This last picture I would particularly cherish, so great a consolation is it, and so permanent a grace does it lend later to the burdened mind of man. (258-259—my emphasis added)
After his additional descriptions of, for example, “so many rivers crossed, and more than one of them forded in peril” (259), Belloc also acknowledges more broadly the fuller proportions and accents of human communion:
So much, then, is conveyed by a hill-top at sunrise when it comes upon the traveller or the soldier after the long march of a night, the bending of the shoulders [with a heavy rucksack], and the emptiness of the dark.
Many other things put one into communion with the whole world….
Apart from landscape other things belong to this contemplation [of sacramental things]: Notes of music, and, stronger even than repeated and simple notes of music, a subtle scent and its association, a familiar printed page [verse or prose]. Perhaps the test of these sacramental things is their power to revive the past [to include the sacred, inasmuch as Belloc had also just candidly spoken of “the Faith, the chief problem of this world.” (263—emphasis added)].
There is [for example also] a story translated into the noblest of English writing by Dasent [Sir George Webbe Dasent, circa 1860]. It is to be found in his Tales from the Norse. It is called “The Story of the Master Maid.” (263—my emphasis added, to include those additional emphases placed inside the subordinate, clarifying brackets.)
It is now fitting, I believe, to present Hilaire Belloc’s entire eloquent summary of this poignant Norse tale of loyalty and deep love and the final fruits of a sincere vow, once forgotten and broken, but touchingly later restored:
A man had found in his youth a woman on the Norwegian hills: this woman was faëry, and there was a spell upon her. But he won her out of it in various ways, and they crossed the sea together, and he would bring her to his father’s house, but his father was a King. As they went over-sea together alone, he said and swore to her that he would never forget how they had met and loved each other without warning, but by an act of God, upon the Dovrefjeld. Come near his father’s house, the ordinary influences of the ordinary day touched him; he bade her enter a hut and wait a moment until he had warned his father of so strange a marriage; she, however, gazing into his eyes, and knowing how the divine may be transformed into the earthly, quite as surely as the earthly into the divine, makes him promise that he will not eat human food. He sits at his father’s table, still steeped in her and the seas. He forgets his vow2 and eats human food, and at once he forgets [his vow].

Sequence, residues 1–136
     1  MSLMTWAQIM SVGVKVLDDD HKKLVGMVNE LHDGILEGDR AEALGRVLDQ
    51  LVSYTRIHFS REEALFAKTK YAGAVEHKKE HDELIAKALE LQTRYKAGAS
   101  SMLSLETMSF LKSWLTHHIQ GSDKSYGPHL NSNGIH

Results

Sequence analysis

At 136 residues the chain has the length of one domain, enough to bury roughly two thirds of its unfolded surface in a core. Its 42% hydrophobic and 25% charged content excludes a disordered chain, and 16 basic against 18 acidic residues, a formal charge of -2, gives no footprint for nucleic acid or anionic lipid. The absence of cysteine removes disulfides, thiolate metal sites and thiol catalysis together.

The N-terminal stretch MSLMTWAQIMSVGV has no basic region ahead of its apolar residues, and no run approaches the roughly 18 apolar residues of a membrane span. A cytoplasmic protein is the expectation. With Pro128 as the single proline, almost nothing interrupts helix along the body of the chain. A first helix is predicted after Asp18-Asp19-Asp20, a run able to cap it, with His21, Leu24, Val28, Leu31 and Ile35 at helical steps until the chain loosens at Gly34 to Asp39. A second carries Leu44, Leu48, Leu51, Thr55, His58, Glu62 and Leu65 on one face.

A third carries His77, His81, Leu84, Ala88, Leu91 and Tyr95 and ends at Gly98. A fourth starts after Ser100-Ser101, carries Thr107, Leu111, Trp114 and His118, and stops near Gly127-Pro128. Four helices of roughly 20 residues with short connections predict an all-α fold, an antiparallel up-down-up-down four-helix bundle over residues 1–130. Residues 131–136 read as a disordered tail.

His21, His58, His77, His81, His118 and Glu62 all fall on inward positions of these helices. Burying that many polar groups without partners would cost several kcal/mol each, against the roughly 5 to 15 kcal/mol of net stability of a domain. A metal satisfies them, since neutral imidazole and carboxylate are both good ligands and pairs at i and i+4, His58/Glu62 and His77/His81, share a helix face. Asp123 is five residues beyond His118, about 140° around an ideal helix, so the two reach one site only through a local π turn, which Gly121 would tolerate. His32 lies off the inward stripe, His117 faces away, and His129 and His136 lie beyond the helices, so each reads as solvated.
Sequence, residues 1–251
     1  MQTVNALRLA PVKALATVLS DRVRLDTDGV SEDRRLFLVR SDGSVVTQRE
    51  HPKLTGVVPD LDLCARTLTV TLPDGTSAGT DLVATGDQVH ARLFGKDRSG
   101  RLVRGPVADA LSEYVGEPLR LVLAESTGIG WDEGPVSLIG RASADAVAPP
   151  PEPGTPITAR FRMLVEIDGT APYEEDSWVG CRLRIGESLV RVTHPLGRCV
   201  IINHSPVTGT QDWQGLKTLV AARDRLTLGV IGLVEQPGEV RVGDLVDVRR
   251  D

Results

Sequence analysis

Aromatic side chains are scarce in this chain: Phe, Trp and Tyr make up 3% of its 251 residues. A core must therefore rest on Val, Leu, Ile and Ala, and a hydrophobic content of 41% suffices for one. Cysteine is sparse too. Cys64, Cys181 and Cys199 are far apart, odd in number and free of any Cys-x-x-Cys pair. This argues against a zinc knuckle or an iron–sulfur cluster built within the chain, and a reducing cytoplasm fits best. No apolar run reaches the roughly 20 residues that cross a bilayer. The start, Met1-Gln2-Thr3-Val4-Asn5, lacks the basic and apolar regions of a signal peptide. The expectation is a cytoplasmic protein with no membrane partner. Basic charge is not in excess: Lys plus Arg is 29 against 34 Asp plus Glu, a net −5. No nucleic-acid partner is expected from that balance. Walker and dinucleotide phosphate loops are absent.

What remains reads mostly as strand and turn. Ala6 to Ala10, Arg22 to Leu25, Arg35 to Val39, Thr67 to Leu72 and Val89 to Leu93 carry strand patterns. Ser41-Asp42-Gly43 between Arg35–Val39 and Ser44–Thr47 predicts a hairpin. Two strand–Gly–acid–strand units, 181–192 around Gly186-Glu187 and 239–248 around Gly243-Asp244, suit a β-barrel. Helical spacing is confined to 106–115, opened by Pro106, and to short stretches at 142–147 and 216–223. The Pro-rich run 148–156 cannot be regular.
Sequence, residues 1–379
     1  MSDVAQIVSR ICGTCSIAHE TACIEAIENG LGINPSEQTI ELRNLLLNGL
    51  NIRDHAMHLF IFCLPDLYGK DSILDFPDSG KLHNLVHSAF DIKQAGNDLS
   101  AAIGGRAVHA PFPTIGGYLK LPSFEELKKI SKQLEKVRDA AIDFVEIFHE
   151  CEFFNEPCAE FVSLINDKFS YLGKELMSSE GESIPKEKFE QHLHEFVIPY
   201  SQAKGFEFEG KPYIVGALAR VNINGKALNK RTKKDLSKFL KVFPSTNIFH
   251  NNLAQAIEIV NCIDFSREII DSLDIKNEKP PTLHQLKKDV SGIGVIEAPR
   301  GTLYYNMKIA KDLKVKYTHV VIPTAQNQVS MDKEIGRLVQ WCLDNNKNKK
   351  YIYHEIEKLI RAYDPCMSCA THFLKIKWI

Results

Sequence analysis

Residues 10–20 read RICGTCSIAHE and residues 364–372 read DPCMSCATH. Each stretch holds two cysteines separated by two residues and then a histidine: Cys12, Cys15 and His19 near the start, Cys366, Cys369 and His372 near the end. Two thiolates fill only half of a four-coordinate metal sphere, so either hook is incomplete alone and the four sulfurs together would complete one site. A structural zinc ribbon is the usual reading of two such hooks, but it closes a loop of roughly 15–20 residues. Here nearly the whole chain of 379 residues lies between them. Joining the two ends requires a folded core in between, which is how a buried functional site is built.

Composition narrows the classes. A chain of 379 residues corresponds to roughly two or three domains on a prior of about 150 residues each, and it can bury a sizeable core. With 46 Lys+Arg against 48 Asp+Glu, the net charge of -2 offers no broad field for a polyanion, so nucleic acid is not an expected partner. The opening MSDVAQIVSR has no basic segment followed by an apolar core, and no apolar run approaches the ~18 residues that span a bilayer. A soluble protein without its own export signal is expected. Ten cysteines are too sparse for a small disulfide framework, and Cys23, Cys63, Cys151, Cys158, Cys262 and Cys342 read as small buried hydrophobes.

Then follows much for which I have no space, but the woman in the hut by her magic causes herself to be at last sent for to the father’s palace. The young man sees her, and is only slightly troubled as by a memory which he cannot grasp. They talk together as strangers; but looking out of the window by accident the King’s son sees a bird and its mate; he points them out to the woman, and she says suddenly: “So was it with you and me high up upon the Dovrefjeld.” Then he remembers all. (264-265—my emphasis added)
After contemplating Belloc’s deftly crafted and heart-piercing well-told-tale, we are more fully prepared for his immediately final summary paragraph on the Mediation and Mystery of Sacramental Things—perhaps even as “External Channels of Grace” as Father John A. Hardon, S.J. (d. 30 December 2000) would often solemnly say to us. Analogously, Hilaire Belloc here humbly says:
Now that [Norse] story is a symbol, and tells the truth. We see some one thing in this world, and suddenly it becomes particular and sacramental; a woman and a child, a man at evening, a troop of soldiers; we hear notes of music, we smell the smell that went with a passed time, or we discover after the long night a shaft of light upon the tops of the hills at morning: there is a resurrection, and we are refreshed and renewed.
But why all these things are so neither I nor any other man can tell. (265—my emphasis added)
The Mystery abides. Yet we also remember the words “Sapientis Ordinare”—it is characteristic of a wise man to give order to things—perhaps even unto the “sacramental things.’
With his own special gifts, and as our guide, Saint Thomas Aquinas always strove to remain proportionally attentive to both Ordo et Mysterium. He humbly believed and trusted that reality as such is knowable and intelligible, and yet unfathomable.
© 2020 Robert D. Hickson
1Hilaire Belloc, “On Sacramental Things,” (pages 257-265 in full), the essay being from Belloc’s own 1910 anthology, entitled On Something (London: Methuen & Co. LTD, 1910). The first passage of citation above is from pages 257-258—my emphasis added. All further citations to the Belloc essay will also be placed above in parentheses in the main body of this short essay and brief commentary.
2 Hilaire Belloc’s intimate friend, G.K. Chesterton, wrote his own profound chapter VII, entitled “The Story of the Vow,” and it is especially worthy of a savouring and close reading. It is a chapter (chapter seven) in Chesterton’s own 1920 book, The Superstition of Divorce.